DOI's royalty computer system under investigation
The Interior Department's Inspector General said on Wednesday he has launched an investigation into a $149 million computer system that could be considered a "profound failure."

In a 131-page report, Inspector General Earl E. Devaney said he became aware of the problems associated with the system while investigating the Minerals Management Service. The agency commissioned the system in 1999 to handle over $8 billion in oil and gas payments on federal and Indian lands.

But eight years and $149 million later, the Minerals Revenue Management (MRM) Support System doesn't appear to be living up to its goals. Interior employees -- including an Indian trust manager who was ousted by the Bush administration -- have complained that the government, tribes and individual Indians have lost millions of dollars because the system doesn't work as promised.

"Consequently, many Indian people lost their homes, automobiles and livestock," Kevin Gambrell, the former director of the Farmington Indian Minerals Office, which oversees 8,000 Navajo landowners, said in Congressional testimony this past March.

In his report, Devaney lists some of the complaints against the system, which was developed by Accenture, a spin-off of the former Arthur Andersen accounting firm. Employees said it took twice as long to complete common tasks and that the system failed to bill and collect interest from energy companies who drill on federal and Indian lands.

MMS managers offered a reason for the system's failure to bill and collect interest: the Cobell trust fund litigation. In December 2001, a month after the MRM Support System went online, a federal judge ordered Interior to remove its Indian trust systems from the Internet due to inadequate security.

The disconnect kept the MRM Support System offline for three months. But in interview with the Inspector General, MMS managers repeatedly blamed the litigation for creating a "backlog" of interest bills owed by energy companies.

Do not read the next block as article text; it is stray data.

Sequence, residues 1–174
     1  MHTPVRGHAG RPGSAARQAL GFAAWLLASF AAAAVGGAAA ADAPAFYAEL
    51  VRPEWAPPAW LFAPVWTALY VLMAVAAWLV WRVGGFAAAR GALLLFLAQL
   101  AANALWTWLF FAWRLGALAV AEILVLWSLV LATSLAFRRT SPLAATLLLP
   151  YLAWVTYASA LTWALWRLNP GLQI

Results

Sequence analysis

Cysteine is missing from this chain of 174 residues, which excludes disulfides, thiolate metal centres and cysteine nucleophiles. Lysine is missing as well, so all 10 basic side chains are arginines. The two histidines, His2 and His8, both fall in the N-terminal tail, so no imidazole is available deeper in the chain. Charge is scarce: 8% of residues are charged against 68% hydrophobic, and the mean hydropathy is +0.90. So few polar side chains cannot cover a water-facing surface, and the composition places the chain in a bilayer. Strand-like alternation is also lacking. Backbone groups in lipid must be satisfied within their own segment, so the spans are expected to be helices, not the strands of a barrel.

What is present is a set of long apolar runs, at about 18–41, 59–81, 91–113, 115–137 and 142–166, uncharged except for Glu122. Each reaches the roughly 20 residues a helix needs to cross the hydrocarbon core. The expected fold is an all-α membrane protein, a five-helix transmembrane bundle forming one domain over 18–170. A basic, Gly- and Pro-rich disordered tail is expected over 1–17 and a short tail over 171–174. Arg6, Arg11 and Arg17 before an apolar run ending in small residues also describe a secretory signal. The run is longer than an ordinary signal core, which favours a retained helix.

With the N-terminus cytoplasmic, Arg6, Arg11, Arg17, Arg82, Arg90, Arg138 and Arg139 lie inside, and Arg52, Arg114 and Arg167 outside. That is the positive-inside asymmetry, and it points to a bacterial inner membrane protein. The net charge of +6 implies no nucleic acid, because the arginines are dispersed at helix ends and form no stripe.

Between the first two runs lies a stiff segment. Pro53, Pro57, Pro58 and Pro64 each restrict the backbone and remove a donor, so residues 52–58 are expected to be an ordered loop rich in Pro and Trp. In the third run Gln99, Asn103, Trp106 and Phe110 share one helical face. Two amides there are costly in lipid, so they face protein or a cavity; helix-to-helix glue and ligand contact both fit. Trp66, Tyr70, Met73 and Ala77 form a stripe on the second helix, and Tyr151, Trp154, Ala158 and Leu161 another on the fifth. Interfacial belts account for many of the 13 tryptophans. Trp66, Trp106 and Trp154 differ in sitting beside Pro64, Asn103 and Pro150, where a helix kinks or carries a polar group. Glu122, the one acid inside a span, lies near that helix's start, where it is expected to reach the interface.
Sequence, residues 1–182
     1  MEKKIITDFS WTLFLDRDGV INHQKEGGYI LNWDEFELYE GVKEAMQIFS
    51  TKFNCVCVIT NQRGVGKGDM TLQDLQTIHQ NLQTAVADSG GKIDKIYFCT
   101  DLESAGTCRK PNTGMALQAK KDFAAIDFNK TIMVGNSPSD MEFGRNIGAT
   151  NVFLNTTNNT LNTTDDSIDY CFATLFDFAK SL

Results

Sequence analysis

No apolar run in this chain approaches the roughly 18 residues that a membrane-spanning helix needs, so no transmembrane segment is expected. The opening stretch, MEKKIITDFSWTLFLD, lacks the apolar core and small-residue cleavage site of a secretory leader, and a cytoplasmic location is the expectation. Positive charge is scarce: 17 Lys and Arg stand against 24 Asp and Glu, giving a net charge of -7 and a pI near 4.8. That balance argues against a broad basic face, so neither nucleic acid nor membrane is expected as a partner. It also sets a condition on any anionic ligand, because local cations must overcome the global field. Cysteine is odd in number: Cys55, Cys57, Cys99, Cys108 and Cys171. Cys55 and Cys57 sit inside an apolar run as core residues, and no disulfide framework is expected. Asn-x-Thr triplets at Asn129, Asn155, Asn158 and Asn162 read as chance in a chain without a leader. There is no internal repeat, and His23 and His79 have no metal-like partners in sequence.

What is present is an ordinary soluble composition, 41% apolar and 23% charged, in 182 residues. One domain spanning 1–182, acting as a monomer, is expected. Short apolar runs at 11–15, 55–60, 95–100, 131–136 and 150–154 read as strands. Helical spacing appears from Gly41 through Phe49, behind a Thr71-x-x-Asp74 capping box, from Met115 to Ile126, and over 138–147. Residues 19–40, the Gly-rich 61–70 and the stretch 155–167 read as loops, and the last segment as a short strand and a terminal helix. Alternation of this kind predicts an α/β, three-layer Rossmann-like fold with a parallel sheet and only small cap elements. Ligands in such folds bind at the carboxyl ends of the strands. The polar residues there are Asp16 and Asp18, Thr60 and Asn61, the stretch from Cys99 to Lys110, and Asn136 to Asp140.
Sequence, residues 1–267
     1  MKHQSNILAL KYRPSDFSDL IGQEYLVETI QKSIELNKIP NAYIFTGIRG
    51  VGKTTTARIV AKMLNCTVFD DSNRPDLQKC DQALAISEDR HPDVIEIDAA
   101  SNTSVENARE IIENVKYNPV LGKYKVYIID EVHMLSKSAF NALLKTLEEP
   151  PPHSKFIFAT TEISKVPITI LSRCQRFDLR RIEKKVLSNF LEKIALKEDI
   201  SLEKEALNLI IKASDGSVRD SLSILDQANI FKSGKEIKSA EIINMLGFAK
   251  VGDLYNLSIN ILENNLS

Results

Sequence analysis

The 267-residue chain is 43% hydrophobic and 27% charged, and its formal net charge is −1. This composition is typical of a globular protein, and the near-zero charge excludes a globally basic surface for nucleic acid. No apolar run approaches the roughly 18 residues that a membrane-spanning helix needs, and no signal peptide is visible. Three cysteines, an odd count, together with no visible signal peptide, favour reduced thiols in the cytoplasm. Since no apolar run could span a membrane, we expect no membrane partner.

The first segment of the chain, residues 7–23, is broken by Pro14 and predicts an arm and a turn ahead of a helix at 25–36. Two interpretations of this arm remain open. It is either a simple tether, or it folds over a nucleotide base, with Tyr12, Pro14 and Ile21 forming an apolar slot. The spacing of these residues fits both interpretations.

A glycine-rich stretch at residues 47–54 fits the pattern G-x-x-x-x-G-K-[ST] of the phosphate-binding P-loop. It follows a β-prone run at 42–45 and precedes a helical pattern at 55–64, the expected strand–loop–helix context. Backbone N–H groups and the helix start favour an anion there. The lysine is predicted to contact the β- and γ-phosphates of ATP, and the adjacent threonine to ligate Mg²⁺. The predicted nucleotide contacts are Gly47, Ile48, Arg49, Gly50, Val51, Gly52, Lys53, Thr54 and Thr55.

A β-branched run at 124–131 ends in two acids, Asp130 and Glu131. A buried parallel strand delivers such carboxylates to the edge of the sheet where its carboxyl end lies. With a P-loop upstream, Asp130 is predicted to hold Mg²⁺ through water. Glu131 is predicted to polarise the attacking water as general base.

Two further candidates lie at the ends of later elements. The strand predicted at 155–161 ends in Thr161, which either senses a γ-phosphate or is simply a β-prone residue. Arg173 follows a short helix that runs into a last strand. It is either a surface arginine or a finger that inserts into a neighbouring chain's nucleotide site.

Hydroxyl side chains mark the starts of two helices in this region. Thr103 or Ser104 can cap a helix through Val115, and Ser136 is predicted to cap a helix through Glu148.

Even after MMS got back on the Internet in March 2002, the Bush administration waited more than four years -- until September 2006 -- to address the backlog. Gambrell, in his Congressional testimony, said the Cobell litigation was wrongly blamed for the true failures of the MRM Support System.

"Tribes and Indian individual stopped receiving royalties for almost five months and MMS management was able to save themselves from a congressional and public flogging," he told the House Natural Resources Committee.

In an interview with the Inspector General, Lucy Querques Denett, the associate director of the MRM program at MMS, said the system "generally works."s." When asked whether energy companies were getting a "free ride" because they weren't being billed for interest, she replied: "I never looked at it like that."

The Interior Department has a troubled history with computer systems. In the 1990s, the Bureau of Land Management scrapped a $400 million records system because it never worked properly.

The Bureau of Indian Affairs has spent more than $40 million on the Trust Asset Accounting and Management System (TAAMS) but it doesn't appear to be working well either. In a separate investigation, the Inspector General found that employees in Palm Springs, California, were unable to use the system to account for and track millions in lease payments for members of the Agua Caliente Band of Cahuilla Indians.

The department's overall computer system has been rated one of the worst in the government due to lax security. The Bush administration said it has spent over $100 million to improve the Indian trust systems but they remain off the Internet to this day.

Inspector General Report:
Minerals Management Service: False Claim Allegations (September 2006)

Another Inspector General Report:
Indian Trust Investigative Review (July 2007)

House Hearing:
Royalties At Risk (March 28, 2007)

Relevant Links:
Minerals Management Service -
Indian Trust: Cobell v. Kempthorne -

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